Automobile recycling on the threshold of a new era

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BMW i3 (Photo: ICM)

Brussels — At the 14th International Automobile Recycling Congress (IARC 2014) in Brussels, the industry painted a new picture of the future of sustainable automobile production and recycling. New regulations at EU level as well as innovations in the field of carmaking are leading to major changes in the recycling of numerous materials.

From 19 to 21 March 2014, the automobile recycling industry came together at the 14th International Automobile Recycling Congress (IARC 2014). Representatives of the major recycling companies, car manufacturers, authorities and researchers discussed how the industry can – and indeed must – rise to meet the challenges of upcoming new regulations and changing trends in carmaking. New energy sources and drive systems also demand innovative, sustainable recycling processes. The increasing electrification of drive assemblies in cars calls for technologies capable of recycling new types of manufacturing materials and electric drive components when dismantling the vehicles at the end of their life cycles. The process produces various metal compounds and electronic wastes, which can then be recovered and sold to a new market to generate added value. “Business with rare metals will reach new dimensions with the paradigm shift to renewable sources of energy,” says Roger Burri, Manager of Air Mercury AG, a company that specialises in reusing metals obtained from recycling processes.

E-mobility will be the buzzword of the future, Olivier François, Vice Chairman of the IARC Steering Committee, is also convinced. How can we replace our limited supplies of fossil fuels in the medium term, and how can we generally reduce the consumption of and the demand for energy in society?

In his speech, Peter Kronschnabl, President and CEO of BMW in Belgium and Luxembourg, explained ways of utilising new materials in the field of automotive manufacture and the transformation that is leading to the use of new energy systems. He even brought along his favourite example for test drives – the BMW i3. Powered by an emission-free electric motor, the BMW i3 provides urban mobility wherever it is really important: such as in city centres that have long since introduced driving restrictions for certain types of vehicle. New high-voltage lithium-ion batteries enable electric vehicles to cover greater distances without refuelling, but also raise new questions about the end-of-life disposal of their components. In this field, the industry still needs to develop suitable solutions, especially since the EU is introducing new regulations that set tougher standards for vehicle recycling. With the new End of Life Vehicles Directive (ELV), as of 1 January 2015 the EU requires that 85 per cent of a car’s components are either recycled or reused in the production process – and that 95 per cent of the production materials are recovered in the recycling process and disposed of professionally. However, the question of whether and, in particular, how these targets and specifications can be implemented, was not conclusively answered at the IARC.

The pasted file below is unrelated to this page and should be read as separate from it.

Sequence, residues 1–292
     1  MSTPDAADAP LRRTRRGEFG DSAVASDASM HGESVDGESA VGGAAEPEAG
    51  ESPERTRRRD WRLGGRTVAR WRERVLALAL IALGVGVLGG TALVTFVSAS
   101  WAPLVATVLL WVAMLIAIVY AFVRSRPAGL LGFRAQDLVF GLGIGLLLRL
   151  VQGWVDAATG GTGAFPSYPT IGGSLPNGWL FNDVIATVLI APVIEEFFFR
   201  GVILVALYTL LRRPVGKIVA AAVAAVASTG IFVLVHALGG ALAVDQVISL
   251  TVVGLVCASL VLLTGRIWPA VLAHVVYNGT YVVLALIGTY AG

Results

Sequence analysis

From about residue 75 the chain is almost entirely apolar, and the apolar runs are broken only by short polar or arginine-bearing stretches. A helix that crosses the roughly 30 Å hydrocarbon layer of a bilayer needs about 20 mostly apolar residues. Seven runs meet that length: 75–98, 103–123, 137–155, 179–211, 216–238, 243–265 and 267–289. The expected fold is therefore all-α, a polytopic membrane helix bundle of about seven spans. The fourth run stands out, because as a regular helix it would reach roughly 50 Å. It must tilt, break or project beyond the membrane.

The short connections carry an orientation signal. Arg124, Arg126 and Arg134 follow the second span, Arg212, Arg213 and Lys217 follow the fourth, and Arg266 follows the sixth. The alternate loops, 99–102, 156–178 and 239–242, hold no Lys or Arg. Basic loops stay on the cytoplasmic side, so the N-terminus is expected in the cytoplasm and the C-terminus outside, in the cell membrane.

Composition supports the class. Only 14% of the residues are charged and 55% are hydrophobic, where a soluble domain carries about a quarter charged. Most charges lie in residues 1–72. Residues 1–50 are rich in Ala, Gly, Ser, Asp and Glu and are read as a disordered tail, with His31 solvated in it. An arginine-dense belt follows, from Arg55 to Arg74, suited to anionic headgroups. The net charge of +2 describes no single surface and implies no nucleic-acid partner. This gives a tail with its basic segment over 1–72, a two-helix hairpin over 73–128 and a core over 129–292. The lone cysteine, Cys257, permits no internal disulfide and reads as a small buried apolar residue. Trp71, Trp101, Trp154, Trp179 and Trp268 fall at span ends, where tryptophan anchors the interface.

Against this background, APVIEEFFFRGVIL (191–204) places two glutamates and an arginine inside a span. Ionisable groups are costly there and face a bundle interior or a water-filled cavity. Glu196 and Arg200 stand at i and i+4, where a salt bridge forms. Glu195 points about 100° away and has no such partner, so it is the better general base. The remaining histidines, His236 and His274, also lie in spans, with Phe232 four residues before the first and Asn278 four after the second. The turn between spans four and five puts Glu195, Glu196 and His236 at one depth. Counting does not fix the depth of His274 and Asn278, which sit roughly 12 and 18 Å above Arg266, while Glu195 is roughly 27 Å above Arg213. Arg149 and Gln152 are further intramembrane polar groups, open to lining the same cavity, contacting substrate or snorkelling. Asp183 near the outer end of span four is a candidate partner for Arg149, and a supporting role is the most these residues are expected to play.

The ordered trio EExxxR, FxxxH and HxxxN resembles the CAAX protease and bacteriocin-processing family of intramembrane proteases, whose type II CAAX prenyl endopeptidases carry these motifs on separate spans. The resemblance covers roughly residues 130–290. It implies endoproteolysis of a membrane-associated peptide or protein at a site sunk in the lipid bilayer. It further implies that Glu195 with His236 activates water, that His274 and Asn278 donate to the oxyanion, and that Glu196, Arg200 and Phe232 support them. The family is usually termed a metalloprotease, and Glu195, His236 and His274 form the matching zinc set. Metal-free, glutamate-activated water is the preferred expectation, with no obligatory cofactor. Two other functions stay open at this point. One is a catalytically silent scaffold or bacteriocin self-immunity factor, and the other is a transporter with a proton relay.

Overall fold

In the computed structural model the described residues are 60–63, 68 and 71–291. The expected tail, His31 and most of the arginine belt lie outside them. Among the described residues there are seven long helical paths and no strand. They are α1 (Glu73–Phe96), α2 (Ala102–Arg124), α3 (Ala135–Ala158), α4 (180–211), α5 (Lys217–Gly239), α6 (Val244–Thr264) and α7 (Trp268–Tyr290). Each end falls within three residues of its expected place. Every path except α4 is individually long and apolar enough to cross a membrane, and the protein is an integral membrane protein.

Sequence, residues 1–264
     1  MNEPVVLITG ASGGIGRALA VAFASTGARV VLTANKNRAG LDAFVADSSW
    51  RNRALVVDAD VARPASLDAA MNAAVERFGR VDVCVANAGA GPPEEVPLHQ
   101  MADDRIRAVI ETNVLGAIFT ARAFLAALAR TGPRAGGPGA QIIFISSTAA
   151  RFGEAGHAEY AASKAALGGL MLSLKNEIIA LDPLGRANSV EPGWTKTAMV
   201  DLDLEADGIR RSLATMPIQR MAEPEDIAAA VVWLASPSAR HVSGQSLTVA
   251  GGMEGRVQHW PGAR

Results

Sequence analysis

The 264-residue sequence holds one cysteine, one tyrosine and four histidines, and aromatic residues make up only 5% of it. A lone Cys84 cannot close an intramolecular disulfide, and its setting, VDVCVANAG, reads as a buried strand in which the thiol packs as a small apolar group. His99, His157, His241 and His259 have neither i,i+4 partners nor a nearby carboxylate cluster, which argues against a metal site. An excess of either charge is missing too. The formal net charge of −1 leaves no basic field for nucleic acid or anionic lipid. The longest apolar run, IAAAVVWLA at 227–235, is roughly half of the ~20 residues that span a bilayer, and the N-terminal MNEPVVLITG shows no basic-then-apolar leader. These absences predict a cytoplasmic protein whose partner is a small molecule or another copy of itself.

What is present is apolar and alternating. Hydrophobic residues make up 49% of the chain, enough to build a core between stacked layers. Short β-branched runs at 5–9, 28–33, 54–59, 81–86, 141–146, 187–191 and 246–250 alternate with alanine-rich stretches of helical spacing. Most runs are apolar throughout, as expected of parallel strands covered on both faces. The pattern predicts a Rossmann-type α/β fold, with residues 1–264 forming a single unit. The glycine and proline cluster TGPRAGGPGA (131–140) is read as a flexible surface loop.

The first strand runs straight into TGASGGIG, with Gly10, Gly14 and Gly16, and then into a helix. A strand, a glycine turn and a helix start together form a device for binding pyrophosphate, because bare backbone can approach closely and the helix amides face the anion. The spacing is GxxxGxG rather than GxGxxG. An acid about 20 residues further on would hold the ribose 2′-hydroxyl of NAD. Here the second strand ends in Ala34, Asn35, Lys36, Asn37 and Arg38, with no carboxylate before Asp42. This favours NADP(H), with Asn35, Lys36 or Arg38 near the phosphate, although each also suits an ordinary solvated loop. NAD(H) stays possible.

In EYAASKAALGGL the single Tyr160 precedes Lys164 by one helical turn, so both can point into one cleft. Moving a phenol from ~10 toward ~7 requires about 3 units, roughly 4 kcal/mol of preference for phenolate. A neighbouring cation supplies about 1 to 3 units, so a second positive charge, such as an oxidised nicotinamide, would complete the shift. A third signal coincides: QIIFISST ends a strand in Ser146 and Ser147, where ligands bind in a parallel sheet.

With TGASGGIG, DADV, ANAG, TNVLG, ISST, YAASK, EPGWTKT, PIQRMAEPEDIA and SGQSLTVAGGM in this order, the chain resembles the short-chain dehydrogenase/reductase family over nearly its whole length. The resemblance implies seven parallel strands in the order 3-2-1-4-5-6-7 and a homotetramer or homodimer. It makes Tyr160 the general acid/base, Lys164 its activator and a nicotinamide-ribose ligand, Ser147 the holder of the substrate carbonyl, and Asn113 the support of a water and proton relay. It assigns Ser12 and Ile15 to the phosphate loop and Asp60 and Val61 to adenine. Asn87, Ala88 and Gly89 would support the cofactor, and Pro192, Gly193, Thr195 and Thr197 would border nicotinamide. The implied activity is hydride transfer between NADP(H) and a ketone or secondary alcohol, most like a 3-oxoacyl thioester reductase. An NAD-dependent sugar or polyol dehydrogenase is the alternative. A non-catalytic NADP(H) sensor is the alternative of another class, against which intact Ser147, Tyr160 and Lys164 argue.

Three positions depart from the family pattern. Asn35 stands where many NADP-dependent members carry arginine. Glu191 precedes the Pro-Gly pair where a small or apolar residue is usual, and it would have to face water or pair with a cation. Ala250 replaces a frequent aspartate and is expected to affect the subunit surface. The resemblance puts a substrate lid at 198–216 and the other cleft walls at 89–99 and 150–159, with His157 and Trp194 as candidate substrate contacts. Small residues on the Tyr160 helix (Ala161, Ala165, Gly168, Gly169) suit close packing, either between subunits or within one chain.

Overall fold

A total of 220 participants and experts were in Brussels to attend this year’s congress – and 18 companies presented themselves and their services. In addition to various invited speakers, visits to companies in France, Belgium and the Netherlands were on the agenda, as were various networking functions and seminars specifically designed for exchanging know-how.

Jeanette Duttlinger, organiser of the IARC, is delighted at the high number of attendees and exhibiting companies. “The great popularity of the event shows us that the topic of automobile recycling will continue to grow in importance in the future,” says Jeanette Duttlinger.

The next International Automobile Recycling Congress will be held in Berlin from 25 to 27 March 2015.

Further information: www.icm.ch

Source: ICM AG